No madness of ambition, avarice, none;
No larger feast than under plane or pine
With neighbors laid along the grass, to take
Only such cups as left us friendly-warm,
Affirming each his own philosophy
Nothing to mar the sober majesties
Of settled, sweet, Epicurean life.
But now it seems some unseen monster lays
His vast and filthy hands upon my will,
Wrenching it backward into his, and spoils
My bliss in being; and it was not great,
For save when shutting reasons up in rhythm,
Or Heliconian honey in living words,
To make a truth less harsh, I often grew
Tired of so much within our little life
Or of so little in our little life -- 
Poor little life that toddles half an hour
Crown'd with a flower or two, and there an end -- 
And since the nobler pleasure seems to fade,
Why should I, beastlike as I find myself,
Not manlike end myself? -- our privilege -- ;
What beast has heart to do it? And what man
What Roman would be dragg'd in triumph thus?
Not I; not he, who bears one name with her
Whose death-blow struck the dateless doom of kings,
When, brooking not the Tarquin in her veins,
She made her blood in sight of Collatine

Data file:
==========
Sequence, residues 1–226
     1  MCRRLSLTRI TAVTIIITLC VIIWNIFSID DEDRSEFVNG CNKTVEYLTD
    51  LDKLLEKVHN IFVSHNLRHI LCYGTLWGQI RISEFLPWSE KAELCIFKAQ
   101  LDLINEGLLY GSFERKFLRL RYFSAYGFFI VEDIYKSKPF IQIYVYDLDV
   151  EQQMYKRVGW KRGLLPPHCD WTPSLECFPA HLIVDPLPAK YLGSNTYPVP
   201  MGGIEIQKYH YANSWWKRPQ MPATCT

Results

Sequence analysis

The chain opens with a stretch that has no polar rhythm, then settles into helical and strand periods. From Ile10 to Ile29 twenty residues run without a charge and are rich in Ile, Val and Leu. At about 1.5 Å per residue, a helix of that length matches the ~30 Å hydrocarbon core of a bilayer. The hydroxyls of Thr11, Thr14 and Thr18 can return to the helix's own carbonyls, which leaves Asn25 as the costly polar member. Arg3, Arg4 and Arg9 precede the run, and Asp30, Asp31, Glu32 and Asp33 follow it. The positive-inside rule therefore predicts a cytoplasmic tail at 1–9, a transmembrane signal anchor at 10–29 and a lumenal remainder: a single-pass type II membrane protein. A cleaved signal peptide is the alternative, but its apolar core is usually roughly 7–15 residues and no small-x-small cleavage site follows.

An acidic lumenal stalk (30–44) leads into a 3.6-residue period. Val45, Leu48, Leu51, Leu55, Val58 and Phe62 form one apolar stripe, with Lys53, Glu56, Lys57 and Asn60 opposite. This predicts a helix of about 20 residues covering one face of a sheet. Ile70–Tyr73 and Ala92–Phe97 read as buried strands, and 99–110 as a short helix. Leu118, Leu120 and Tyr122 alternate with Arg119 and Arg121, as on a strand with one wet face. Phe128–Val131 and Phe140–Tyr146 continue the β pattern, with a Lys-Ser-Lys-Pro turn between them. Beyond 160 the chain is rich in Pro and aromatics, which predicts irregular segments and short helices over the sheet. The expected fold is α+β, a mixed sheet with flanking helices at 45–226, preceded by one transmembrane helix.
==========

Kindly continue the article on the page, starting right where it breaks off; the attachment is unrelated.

And all his peers, flushing the guiltless air,
Spout from the maiden fountain in her heart.
And from it sprang the Commonwealth, which breaks
As I am breaking now!

"And therefore now
Let her, that is the womb and tomb of all
Great Nature, take, and forcing far apart
Those blind beginnings that have made me man,
Dash them anew together at her will
Thro' all her cycles -- into man once more,
Or beast or bird or fish, or opulent flower.
But till this cosmic order everywhere
Shatter'd into one earthquake m one day
Cracks all to pieces, -- and that hour perhaps
Is not so far when momentary man
Shall seem no more a something to himself,
But he, his hopes and hates, his homes and fanes
And even his bones long laid within the grave,
The very sides of the grave itself shall pass,
Vanishing, atom and void, atom and void,
Into the unseen for ever, -- till that hour,
My golden work in which I told a truth
That stays the rolling Ixionian wheel,
And numbs the Fury's ringlet-snake, and plucks